A Retrospective Cohort Study of Correlates of Response to Pharmacologic Therapy for Hyperlipidemia in Members of a Managed Care Organization

Robert J. Valuck, Setareh A. Williams, Marilyn MacArthur, Joseph J. Saseen, Kavita V. Nair, Marianne McCollum, Joe E. Ensor

Research output: Contribution to journalArticlepeer-review

26 Scopus citations


Background: Few studies have examined the effectiveness of statins in a managed care setting. Objective: The aim of this study was to identify demographic, clinical, and pharmacotherapy-related factors associated with response to drug therapy for hyperlipidemia among members of a managed care organization. Methods: Claims data from a large US managed care organization from July 1, 1998, through June 30, 2000, were analyzed for adult members with continuous enrollment, ≥1 prescription drug claim, ≥2 sets of fasting low-density lipoprotein cholesterol (LDL-C) laboratory results, and no lipid-lowering prescription claims at any time ≤12 months before the date of the first set of LDL-C laboratory results. Relative lipid-lowering regimen efficacy categories were created based on percentage reduction in LDL-C listed in product package inserts (low, ≤30%; moderate, 31%-40%; high, ≥41%). Multiple regression and logistic regression models were developed to identify significant predictors of percentage change in LDL-C from baseline and of ≥10% reduction in LDL-C. Results: A total of 6247 members met the inclusion criteria. The mean (SD) age was 59.6 (12.4) years (range, 21-93 years), and 3003 individuals (48.1%) were women. Furthermore, 337 members (5.4%) received high-efficacy statins, 2633 (42.1%) received moderate-efficacy statins, 934 (15.0%) received low-efficacy statins, and 86 (1.4%) received low-efficacy lipid-lowering drugs from other therapeutic classes during the study period. Compliance with therapy was high (range, 85%-92%), and upward titration of therapy was found in only 160 members (2.6%). Multiple regression analysis indicated that receiving statin therapy compared with other lipid-lowering therapy was a significant predictor of percentage reduction in LDL-C (P < 0.001). Logistic regression analysis indicated that compared with high-efficacy statin regimens, low-efficacy statin regimens (odds ratio [OR] = 0.619; 95% CI, 0.436-0.877) and low-efficacy regimens from other therapeutic classes (OR = 0.171; 95% CI, 0.099-0.295) were less effective in lowering LDL-C by ≥10%. Similar results were observed for subanalyses of subjects with diabetes mellitus or coronary heart disease (CHD); individuals who received more efficacious statin regimens were more likely to reach the National Cholesterol Education Program Adult Treatment Panel II LDL-C goal of ≤100 mg/dL (P < 0.05 for moderate- or low-efficacy regimens vs high-efficacy statins in each model). Conclusion: The results of the present study suggest that improvement is needed in hyperlipidemia management, especially in identification and use of lipid-lowering therapy in individuals at high risk for CHD.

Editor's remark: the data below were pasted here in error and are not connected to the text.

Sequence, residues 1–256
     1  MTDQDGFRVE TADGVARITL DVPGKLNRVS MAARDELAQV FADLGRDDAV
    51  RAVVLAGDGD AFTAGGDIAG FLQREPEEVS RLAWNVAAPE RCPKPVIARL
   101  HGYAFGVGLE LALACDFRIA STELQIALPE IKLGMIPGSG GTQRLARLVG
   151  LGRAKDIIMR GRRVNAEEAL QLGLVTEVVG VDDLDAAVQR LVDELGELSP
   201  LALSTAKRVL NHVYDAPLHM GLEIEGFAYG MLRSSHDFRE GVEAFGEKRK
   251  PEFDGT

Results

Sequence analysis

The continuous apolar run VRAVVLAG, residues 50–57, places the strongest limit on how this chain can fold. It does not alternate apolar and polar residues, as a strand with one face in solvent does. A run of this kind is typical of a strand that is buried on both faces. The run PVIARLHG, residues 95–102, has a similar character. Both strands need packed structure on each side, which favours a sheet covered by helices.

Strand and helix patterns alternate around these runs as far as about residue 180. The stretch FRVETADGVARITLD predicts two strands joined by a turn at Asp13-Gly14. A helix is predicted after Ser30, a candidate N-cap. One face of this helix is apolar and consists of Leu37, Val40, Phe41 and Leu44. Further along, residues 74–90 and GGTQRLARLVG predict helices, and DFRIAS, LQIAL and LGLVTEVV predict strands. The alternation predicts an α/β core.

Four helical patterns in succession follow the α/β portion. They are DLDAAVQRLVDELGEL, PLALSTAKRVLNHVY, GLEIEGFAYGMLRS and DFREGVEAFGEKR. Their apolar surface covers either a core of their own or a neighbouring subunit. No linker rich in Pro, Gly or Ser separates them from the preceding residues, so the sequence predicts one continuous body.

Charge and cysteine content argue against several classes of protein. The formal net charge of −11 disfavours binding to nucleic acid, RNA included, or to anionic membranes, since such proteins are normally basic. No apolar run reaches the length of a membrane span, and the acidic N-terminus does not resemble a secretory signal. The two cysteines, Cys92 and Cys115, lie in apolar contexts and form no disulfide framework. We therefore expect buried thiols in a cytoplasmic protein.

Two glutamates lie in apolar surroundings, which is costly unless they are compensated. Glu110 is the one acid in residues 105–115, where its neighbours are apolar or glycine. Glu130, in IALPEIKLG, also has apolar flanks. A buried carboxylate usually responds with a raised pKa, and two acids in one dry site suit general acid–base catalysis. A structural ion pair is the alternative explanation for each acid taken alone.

Original languageEnglish (US)
Pages (from-to)2936-2957
Number of pages22
JournalClinical Therapeutics
Issue number11
StatePublished - Nov 2003


  • Antilipidemic agents
  • Coronary disease
  • Hyperlipidemia
  • Managed care
  • Statins

ASJC Scopus subject areas

  • Pharmacology
  • Pharmacology (medical)


Dive into the research topics of 'A Retrospective Cohort Study of Correlates of Response to Pharmacologic Therapy for Hyperlipidemia in Members of a Managed Care Organization'. Together they form a unique fingerprint.

Cite this